Ours is a time of unparalleled richness in astronomical observations, but understanding seems to be absent throughout broad areas of astrophysics. Among some groups of astrophysicists there appears to be measured degrees of consensus, as indicated by the prevalence of so-called ?standard models?, but in science consensus is nonsense; science is a logical process, not a democratic process, and logical connections in many instances seem to be lacking. So the question astrophysicists should ask is this: ?What's wrong with astrophysics?? Finding out what's wrong is not only the necessary precursor to righting what's wrong, but will open the way to new advances in astrophysics. Toward that end, one may question the basic assumptions upon which astrophysics is founded, as well as question the approaches astrophysicists currently employ. Here I describe one methodology and provide specific examples, the details of which are set forth elsewhere [1-3]. In doing so, I place into a logical sequence seemingly unrelated astronomical observations, including certain Hubble Space Telescope images, so that causal relationships become evident and understanding becomes possible; as a consequence, profound new implications follow, for example bearing on the origin of diverse galactic structures and the origin of the heavy elements.
One of the most fundamental problems in physics has been to understand the nature of the mechanism that generates the geomagnetic field and the magnetic fields of other planets and satellites. For decades, the dynamo mechanism, thought to be responsible for generating the geomagnetic field and other planetary magnetic fields, has been ascribed to convection in each planet?s iron-alloy core. Recently, I described the problems inherent in Earth-core convection and proposed instead that the geomagnetic field is produced by convection in the electrically conductive, fluid, fission-product sub-shell of a natural nuclear fission reactor at the center of the Earth, called the georeactor. Here I set forth in detail the commonality in the Solar System of the matter like that of the inside of the Earth, which is my basis for generalizing the concept of planetary magnetic field generation by natural planetocentric nuclear fission reactors.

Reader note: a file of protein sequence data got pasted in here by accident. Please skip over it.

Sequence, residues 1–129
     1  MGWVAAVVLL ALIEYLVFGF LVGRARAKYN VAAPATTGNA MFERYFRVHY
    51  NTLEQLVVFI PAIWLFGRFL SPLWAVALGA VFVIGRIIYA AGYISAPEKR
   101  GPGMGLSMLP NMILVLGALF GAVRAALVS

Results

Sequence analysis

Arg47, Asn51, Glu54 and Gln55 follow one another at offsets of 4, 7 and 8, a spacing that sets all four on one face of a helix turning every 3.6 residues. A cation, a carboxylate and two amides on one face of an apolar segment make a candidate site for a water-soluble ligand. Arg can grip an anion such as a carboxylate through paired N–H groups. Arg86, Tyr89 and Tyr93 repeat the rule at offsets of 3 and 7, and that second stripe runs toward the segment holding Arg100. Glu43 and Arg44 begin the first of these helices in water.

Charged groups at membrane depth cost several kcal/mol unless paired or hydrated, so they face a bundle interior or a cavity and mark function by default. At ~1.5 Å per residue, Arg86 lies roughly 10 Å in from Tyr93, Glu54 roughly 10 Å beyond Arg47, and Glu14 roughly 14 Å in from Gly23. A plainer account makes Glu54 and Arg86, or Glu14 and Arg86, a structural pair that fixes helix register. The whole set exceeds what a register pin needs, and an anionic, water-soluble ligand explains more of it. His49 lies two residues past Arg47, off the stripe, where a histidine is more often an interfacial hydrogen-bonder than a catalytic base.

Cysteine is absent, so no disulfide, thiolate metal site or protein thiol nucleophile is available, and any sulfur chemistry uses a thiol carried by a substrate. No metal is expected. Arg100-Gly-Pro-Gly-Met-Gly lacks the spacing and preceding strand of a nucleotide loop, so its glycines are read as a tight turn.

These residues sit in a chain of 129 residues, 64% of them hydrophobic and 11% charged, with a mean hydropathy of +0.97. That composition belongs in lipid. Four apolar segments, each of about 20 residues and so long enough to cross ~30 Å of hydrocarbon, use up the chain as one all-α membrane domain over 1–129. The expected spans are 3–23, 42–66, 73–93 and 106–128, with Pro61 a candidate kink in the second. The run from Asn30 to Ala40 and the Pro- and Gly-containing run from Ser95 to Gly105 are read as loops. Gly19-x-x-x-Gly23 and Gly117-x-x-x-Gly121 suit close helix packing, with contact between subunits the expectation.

No other manifestation of the earth has been as seemingly inexplicable as the earth?s magnetic field. More than a thousand years ago, individuals in China set afloat in bowls of water tiny slivers of loadstone, the mineral now called magnetite, and discovered that the slivers quickly assumed a preferred direction. That observation led to the development of the magnetic compass, which is still used by navigators, hikers and others seeking a way to determine direction. William Gilbert?s Die Magnete (1600), his definitive work, was based upon extensive magnetic measurements collected around the globe, which showed that the earth itself is like a giant magnet, rather than magnetism arising from an extraterrestrial source as supposed by others1. In 1838, the mathematical genius, Johann Carl Friedrich Gauss, proved that the earth?s magnetism source is at, or very near, the centre of the earth2.